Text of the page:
The biggest challenge in single page app usability is that you’re trying to rebuild functionality that web browsers typically handle automatically. You want to make it so, if users click the back or reload button, it does what they expect. Some single page apps are awesome at this: two of the best are Gmail and Google Calendar. But other apps have issues.
Getting good single page app usability can be quite a challenge, so I want to point out examples of common issues in hopes that we can keep them in mind to create more usable apps. Besides, I’m a power user of most of these apps so I’d be happier if these worked as I’d expect!1Single page apps also have challenges or require special considerations for SEO, visitor analytics and page load time that are beyond the scope of this post.
1. Passport JS: The back button doesn’t work at all
Fortunately, this is a pretty uncommon single page app usability issue, but it still crops up in some places. Here’s an example from PassportJS. From a technical perspective, I wouldn’t think of PassportJS’s homepage as a single page app, but from a user perspective, I think it actually is. Clicking into search causes a new screen to appear over the old one, which is technically very similar to a lightbox. The reason I consider this a single page app from a user experience, though, is that it doesn’t look like any lightbox users are accustomed to. It looks like a new page. And, say you don’t see the “X” that appears when you go to search.2I didn’t until writing this article. What happens when you try to click back?
2. Mint: The back button does not remember your scroll position
Normally, a browser’s back button takes you to the same scroll position you were at when you navigated off the original page. That’s another single page app usability issue we have to consider. Here’s an example from Mint, where I’m browsing through my Starbucks transactions. I scroll down, then go to page 2. When I click back, I’m taken to the top of page 1, not the bottom.
In this case, we’re dealing with a short list so it isn’t too big of a deal. But, this can be problematic when you have long lists of data, especially when you are going to another page by clicking on one of the list items in the middle of the list.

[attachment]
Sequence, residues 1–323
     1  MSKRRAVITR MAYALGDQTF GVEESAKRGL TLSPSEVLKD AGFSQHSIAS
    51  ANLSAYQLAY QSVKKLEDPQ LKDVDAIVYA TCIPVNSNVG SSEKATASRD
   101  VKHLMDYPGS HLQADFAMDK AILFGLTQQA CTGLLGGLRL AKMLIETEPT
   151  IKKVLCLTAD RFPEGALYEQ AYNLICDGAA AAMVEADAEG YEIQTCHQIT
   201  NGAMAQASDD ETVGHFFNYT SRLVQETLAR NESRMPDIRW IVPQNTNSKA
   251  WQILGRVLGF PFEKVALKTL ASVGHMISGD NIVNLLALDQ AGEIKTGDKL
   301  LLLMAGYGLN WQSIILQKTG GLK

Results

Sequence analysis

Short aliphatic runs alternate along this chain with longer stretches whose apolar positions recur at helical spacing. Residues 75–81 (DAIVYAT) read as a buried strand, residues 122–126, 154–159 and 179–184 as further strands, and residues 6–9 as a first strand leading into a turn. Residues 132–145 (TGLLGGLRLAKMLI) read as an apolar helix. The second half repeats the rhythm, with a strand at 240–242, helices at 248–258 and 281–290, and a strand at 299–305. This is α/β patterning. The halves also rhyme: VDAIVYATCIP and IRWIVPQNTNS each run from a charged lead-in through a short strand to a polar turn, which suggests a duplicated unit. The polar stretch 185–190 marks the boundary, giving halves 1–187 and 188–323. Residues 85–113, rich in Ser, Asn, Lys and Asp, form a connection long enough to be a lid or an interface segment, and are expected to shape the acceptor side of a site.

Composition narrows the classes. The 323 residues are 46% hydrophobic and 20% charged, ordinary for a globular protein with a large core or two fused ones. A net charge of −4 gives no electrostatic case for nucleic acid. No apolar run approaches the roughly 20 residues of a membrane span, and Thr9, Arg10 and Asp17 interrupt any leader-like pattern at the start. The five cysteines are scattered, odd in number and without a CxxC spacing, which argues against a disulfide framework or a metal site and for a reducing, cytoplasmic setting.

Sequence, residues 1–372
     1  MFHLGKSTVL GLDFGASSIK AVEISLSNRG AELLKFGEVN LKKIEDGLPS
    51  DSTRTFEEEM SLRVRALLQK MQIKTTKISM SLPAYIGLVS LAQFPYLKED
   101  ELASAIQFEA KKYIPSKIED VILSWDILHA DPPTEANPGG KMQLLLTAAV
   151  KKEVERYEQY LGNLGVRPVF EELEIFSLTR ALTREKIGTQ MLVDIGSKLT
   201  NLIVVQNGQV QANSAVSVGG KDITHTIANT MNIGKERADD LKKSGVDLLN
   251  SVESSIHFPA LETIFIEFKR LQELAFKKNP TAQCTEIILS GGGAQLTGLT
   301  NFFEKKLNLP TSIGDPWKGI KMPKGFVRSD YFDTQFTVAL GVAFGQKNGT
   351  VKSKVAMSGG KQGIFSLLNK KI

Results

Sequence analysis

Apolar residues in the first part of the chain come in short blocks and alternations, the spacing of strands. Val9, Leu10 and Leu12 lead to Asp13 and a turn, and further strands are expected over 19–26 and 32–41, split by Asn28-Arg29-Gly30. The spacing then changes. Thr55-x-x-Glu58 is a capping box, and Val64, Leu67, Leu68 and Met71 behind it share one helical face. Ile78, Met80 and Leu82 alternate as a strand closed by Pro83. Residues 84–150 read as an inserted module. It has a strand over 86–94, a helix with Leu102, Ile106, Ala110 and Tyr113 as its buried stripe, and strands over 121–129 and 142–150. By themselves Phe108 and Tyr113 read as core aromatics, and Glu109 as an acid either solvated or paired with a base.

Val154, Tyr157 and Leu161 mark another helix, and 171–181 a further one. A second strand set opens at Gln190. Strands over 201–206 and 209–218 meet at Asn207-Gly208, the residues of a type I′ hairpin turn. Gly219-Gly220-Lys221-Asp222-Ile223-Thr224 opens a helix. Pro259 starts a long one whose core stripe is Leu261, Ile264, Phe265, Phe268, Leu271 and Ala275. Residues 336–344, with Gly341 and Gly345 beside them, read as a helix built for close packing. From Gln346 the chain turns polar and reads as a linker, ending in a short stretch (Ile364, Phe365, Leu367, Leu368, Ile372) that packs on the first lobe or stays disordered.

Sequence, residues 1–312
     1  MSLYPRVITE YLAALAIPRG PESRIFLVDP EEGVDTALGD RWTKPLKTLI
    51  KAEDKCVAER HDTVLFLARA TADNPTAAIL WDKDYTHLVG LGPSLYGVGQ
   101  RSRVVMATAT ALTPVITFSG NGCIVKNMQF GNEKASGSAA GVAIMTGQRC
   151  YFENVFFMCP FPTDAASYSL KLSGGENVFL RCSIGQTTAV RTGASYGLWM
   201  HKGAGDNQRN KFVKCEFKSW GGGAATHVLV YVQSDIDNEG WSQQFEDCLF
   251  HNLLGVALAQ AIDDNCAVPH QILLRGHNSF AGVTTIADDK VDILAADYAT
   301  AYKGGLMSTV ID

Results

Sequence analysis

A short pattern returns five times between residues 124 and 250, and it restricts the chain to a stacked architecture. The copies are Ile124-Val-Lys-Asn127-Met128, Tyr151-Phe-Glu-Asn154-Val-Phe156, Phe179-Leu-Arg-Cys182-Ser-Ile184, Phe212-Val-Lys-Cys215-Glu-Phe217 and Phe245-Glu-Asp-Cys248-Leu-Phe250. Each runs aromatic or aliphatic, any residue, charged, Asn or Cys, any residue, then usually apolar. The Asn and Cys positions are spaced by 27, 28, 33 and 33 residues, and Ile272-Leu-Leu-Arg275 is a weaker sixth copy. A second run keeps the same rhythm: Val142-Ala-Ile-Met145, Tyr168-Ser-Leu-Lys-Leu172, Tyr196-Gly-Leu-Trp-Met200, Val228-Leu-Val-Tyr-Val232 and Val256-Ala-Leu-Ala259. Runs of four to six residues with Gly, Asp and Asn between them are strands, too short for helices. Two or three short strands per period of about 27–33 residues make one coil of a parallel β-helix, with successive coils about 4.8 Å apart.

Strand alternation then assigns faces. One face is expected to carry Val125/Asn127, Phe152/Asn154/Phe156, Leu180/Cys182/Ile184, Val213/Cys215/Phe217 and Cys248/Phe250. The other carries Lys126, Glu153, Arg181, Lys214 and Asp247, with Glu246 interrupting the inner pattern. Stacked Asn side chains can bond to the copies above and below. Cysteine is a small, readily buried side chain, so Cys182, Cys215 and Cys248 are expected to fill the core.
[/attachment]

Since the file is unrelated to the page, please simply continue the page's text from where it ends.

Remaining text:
3. FreshBooks: Reloading the page takes you to a different page state
I often work in multiple tabs in my browsers, and that presents more single page app usability issues. For instance, I use FreshBooks for my time tracking and invoicing. Often, I’ll open a time tracking report in one tab while I edit time entries in another tab. However, when I reload the time tracking report, it doesn’t remember my filters. If this was a traditional site, with an HTML form that posts to a results page, my filters would still be there. Here is me setting a filter to show my time for “This Week”, then clicking reload, and having the filters reset to “This Month”:
4. Google Analytics: You can’t open links in a new tab
As I mentioned, I often work in separate tabs and there are different single page app usability issues that come with that. Sometimes, in Google Analytics, I want to be able to easily copy and paste data between different views. But this doesn’t always work. Below I show the default behavior of clicking a link in Google Analytics and what happens when I try to open that same link in a new tab by holding Control as I click the link:
When you have to copy a lot of data from one View to another,3The video is a fairly simple example since the option just includes one IP address filter, but imagine copying a Goal from one View to another. That has three steps’ worth of options. it would be really useful to open up those options in a new tab so I could compare as I’m copying the data.
Bonus: Facebook: The back button takes you to different content than you saw before
Okay, so Facebook isn’t actually a single page app. Still, this is an issue that could certainly affect single page app usability. On Facebook, if you navigate off your news feed, then click the back button, you get back to the same scroll position but not the same content. Here’s me clicking through to see where my friend filmed his drone footage. Then, I click back, and I don’t see the same post: instead, I see an ad telling me to tag people I played Mario Kart 64 with:
Single page apps can definitely create great experiences for your users, but it’s important to be aware of what browser functionality you’ll have to rebuild (or intentionally give up) in the process.